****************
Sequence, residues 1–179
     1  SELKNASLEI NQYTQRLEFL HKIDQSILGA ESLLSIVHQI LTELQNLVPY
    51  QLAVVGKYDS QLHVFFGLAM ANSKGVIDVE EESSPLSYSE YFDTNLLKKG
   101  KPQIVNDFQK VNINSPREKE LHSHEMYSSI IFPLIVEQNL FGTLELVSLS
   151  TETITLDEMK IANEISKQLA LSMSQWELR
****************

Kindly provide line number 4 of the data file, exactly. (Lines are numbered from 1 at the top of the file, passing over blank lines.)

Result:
   101  KPQIVNDFQK VNINSPREKE LHSHEMYSSI IFPLIVEQNL FGTLELVSLS